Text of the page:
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November 30. 2017

Ask Meli! November, 2017

Meli took some time over the holiday break to catch up on some of her mail! With a belly full of turkey scraps, she settled down to read through your well-written letters. You all are doing so great with your writing and reading! Here are a few examples from her friends in Fonda, NY from Fonda-Fultonville Elementary School. 

Q: My favorite book is Meli at the Pet Shop. Does Meli have a brother or sister? Meli do you behave? ~Anthony

: I loved getting your letter! I do not have a brother or sister. I try to behave as well as I can, but sometimes it's just so hard! When I do behave well, I get peanut butter as a treat. Yum! Woof! ~Meli More...

November 28. 2017

Teacher Tip: Organizing Your Classroom for Interactive Read-Aloud

Interactive read-aloud takes place in the whole-class meeting area of your classroom. It is ideal to have a bright rug or natural barriers, such as bookshelves, to mark the area. Children sit on the floor, so arrange your chair and an easel to give all children an unobstructed view. As you finish with a book, you can move it to a bin in the classroom library or display it on the easel or bookshelves, offering children the opportunity to choose to read it independently. Keep interactive read-aloud lessons, books, and supplies in your resource area for easy access.

From Fountas & Pinnell Classroom System Guide by Irene C. Fountas and Gay Su Pinnell. Copyright (c) 2018 by Irene C. Fountas and Gay Su Pinnell. Published by Heinemann.

November 27. 2017

Daily Li Bit - 11/27/17

Through regular and planned professional development opportunities, you and your fellow teachers can further develop your craft, strengthen your instructional decision-making, and confidently deliver high-impact literacy instruction that enhances the learning experience of each student.

November 21. 2017

Teacher Tip: Organizing Your Classroom for Shared Reading

As you arrange your classroom for shared reading, be sure to accommodate children so that every child can see the big book or chart. Store texts and tools nearby for easy access.

Texts:

  • large print books
  • projected texts
  • shared/interactive writing texts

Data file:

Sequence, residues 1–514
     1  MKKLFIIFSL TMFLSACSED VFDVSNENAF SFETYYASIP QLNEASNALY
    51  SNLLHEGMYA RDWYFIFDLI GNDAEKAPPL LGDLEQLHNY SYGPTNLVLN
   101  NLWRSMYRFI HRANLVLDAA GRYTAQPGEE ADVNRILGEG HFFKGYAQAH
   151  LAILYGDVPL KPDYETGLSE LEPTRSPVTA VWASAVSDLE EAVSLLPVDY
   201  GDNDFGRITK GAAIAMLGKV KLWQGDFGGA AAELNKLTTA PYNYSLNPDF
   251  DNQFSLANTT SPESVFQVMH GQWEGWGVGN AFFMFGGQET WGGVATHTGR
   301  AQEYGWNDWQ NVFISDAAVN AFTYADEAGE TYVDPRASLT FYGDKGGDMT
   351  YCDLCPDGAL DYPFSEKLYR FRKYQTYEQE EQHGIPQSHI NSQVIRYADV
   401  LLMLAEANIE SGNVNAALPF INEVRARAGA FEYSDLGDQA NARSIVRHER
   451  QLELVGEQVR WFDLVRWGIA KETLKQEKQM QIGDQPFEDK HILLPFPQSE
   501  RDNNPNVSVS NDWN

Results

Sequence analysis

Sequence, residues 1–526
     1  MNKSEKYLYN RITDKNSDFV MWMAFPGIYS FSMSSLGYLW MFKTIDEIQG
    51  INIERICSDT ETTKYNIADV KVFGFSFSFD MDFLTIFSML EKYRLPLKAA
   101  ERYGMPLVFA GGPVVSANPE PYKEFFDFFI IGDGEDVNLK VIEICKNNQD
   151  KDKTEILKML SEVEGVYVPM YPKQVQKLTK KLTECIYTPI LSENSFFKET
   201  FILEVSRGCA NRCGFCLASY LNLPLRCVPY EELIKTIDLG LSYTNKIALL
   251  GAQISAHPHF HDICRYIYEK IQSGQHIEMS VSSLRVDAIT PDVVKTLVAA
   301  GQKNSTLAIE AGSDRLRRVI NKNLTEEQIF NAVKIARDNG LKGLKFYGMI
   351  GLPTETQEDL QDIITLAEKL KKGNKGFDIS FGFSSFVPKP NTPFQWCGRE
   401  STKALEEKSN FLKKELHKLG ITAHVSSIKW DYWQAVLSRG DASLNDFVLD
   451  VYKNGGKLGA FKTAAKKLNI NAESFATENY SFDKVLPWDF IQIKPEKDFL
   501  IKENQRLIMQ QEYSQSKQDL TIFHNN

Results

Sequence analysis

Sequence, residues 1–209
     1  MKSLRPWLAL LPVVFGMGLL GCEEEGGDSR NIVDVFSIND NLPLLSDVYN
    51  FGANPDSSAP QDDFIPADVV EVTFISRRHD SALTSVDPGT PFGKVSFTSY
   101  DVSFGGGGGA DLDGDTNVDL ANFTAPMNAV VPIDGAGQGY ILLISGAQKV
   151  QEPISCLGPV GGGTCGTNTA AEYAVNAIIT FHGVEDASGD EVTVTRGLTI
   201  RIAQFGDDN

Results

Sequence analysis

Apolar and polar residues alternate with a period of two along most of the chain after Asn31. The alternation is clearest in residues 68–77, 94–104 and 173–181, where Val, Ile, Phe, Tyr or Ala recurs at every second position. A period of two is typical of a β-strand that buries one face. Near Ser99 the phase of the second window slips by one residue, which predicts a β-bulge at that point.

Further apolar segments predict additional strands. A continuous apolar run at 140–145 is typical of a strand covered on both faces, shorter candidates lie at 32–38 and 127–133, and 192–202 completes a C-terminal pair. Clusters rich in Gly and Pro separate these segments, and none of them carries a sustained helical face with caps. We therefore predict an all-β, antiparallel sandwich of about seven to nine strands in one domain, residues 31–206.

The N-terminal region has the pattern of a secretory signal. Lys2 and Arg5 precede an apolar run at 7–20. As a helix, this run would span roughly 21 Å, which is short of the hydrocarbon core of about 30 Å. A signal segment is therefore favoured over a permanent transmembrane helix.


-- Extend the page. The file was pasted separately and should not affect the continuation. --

• small copies of large texts

Tools:

  • easel
  • plain pointer
  • Wikki Stix®
  • word cards
  • highlighter tape
  • magnetic letters
  • whiteboard
  • pocket chart
  • word masks of various sizes
  • markers
  • correction tape and sticky notes
  • computer and screen, or document camera, to project an image
From Fountas & Pinnell Classroom System Guide by Irene C. Fountas and Gay Su Pinnell. Copyright (c) 2018 by Irene C. Fountas and Gay Su Pinnell. Published by Heinemann.

November 16. 2017

TWITTER CHAT RECAP, 11/16: A Level is a Teacher's Tool, NOT a Child's Label

On Thursday, November 16th, Irene C. Fountas and Gay Su Pinnell hosted a Twitter Chat on how A Level is a Teacher's Tool, NOT a Child's Label. People from all over the country to join the conversation, sharing their own views, concerns, and queries about this very important subject. Some favorite tweets included: 

Levels can be a resource for you and your colleagues to guide student choices for independent reading, but they should not be a limitation or a requirement. #FPLiteracy
When teachers, specialists, librarians, district leaders, and administrators come together as a team, their collective knowledge about texts can help every child love to read independently, in their classroom, and at home. #FPLiteracy
We would never take a book out of a child’s hands. And when we restrict kids to reading on a specific level, we’re really restricting their opportunities. #FPLiteracy

Read the whole chat below, and save the date for our next Twitter Chat on January 25, 2018 at 8:00pm EST.